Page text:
One of the first techniques used by Native Americans in jewelry making was the use of Tufa Casting, or as it's more commonly referred to, Sandcast. Very early on, from the mid 1800s, wet, stiff sand was artfully shaped and molten metal, usually sterling silver, was poured into the mold. This renders a unique look and the result is often pretty weighty. The cast sterling, once removed from the mold, had to be filed smooth and delicately shaped by the artisan. The molds deteriorated after each use and the castings change slightly each time. If the artisan needed several cast elements for something like this Concho Belt, a mold would often have to be re-created thus rendering slightly different characteristics as each new mold was made. There were no precision measurement tools available and casting work was all done by “eyeballing” the shape of the mold.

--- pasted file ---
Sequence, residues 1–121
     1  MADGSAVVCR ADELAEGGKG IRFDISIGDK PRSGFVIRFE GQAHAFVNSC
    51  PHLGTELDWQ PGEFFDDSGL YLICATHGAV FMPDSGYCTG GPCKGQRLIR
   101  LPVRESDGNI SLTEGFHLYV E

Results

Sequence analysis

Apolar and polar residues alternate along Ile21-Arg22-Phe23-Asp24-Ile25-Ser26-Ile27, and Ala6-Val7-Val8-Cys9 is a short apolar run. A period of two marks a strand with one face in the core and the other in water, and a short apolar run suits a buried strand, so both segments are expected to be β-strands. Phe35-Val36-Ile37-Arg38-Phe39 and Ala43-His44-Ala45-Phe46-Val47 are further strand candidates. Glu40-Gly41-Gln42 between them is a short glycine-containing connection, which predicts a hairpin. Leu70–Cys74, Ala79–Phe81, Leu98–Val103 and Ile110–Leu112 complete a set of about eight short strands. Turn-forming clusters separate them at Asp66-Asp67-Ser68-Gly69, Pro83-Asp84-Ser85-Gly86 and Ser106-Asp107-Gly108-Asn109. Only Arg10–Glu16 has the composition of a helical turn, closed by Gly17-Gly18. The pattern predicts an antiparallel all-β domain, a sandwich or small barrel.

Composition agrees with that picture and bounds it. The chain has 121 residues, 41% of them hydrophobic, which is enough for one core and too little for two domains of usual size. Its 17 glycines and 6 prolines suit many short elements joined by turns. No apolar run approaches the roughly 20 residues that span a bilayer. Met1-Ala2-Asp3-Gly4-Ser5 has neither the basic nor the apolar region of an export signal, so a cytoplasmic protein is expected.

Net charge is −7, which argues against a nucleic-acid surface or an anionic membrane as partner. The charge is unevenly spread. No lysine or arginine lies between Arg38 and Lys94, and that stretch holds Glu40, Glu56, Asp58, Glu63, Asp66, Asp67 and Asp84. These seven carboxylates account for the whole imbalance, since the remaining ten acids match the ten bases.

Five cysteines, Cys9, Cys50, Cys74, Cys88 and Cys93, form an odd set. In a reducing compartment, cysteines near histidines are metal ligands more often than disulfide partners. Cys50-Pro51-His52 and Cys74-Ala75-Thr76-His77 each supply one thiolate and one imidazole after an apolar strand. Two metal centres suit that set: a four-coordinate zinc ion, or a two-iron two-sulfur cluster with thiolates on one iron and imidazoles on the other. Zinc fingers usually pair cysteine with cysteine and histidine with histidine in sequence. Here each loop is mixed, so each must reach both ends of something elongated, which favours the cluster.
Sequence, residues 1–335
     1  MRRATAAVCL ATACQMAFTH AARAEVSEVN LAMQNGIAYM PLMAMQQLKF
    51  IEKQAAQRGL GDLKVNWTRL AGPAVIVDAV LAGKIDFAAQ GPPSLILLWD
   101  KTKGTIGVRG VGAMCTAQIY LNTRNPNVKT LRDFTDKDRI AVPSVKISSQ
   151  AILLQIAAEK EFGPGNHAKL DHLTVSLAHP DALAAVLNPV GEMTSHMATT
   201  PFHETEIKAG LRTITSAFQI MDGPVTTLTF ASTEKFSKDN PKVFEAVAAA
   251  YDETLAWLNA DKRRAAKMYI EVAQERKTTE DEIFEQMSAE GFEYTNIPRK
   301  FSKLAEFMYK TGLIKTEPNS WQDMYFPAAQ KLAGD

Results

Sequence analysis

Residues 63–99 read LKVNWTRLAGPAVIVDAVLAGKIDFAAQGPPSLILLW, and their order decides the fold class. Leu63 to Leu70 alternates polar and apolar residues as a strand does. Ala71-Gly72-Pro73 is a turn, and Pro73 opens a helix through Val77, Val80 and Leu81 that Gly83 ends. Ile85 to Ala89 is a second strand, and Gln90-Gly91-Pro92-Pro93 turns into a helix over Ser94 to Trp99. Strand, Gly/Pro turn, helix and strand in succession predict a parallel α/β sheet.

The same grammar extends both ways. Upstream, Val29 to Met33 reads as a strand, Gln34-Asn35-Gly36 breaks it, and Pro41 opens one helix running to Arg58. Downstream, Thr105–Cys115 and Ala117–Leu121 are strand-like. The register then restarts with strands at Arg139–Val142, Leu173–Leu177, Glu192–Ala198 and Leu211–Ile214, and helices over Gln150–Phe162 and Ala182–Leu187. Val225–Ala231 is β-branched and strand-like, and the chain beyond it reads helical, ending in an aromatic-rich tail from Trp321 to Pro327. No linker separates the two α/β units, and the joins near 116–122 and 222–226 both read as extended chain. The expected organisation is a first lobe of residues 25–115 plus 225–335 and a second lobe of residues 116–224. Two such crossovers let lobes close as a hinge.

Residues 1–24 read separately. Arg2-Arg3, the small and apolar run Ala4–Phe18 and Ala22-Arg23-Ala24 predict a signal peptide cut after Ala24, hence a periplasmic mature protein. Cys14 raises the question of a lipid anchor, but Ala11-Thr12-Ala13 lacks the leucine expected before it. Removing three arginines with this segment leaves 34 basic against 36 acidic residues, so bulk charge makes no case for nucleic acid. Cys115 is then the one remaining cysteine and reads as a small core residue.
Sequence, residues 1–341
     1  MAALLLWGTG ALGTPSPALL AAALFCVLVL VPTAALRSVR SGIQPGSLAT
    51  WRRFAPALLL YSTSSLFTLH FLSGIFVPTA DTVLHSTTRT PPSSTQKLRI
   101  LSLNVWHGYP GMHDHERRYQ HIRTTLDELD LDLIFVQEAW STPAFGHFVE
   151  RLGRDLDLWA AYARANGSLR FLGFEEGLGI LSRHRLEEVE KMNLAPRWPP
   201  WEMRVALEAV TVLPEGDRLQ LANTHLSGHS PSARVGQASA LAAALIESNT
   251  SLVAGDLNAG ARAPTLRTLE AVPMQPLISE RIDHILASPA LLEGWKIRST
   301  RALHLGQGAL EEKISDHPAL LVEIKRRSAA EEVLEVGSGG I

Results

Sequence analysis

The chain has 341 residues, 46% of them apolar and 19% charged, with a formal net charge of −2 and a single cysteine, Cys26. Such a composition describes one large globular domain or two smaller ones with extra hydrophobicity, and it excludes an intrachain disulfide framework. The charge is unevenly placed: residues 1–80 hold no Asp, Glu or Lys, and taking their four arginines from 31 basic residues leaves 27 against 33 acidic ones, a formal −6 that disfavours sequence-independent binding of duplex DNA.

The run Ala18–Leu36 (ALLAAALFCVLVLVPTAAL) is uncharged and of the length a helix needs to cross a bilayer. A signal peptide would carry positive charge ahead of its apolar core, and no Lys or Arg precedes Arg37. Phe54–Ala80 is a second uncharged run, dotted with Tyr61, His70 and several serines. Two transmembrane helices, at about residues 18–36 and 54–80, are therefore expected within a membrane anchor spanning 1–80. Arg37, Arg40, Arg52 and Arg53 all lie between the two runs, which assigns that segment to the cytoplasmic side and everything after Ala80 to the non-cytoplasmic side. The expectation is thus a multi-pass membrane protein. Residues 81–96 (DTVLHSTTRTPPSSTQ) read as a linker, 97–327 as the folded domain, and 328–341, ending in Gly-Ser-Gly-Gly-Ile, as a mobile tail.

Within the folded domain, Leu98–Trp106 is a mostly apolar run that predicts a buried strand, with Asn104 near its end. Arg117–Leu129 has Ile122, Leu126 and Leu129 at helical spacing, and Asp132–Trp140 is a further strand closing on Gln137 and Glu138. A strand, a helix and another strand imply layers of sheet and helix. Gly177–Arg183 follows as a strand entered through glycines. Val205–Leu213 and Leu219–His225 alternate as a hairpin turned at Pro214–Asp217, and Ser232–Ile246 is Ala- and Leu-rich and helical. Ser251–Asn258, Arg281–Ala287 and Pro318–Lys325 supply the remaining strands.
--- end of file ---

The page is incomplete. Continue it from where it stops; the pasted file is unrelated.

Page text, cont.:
This 1880 to 1900 Concho Belt pre-dates what Native American jewelry aficionados refer to as “Phase One”; a specified time period when the art form first came to fruition. The craftsmanship is outstanding—the unknown artisan took this belt very seriously and it shows. That the leather belt is original is a miracle in itself. The belt was used for a period and acquired by a serious collector who stored it for close to a century and it's condition is beyond reproach.
I've seen thousands of Concho Belts and owned several, but this is by far the best representation of Navajo casting work I've had the pleasure to even see much less be able to acquire.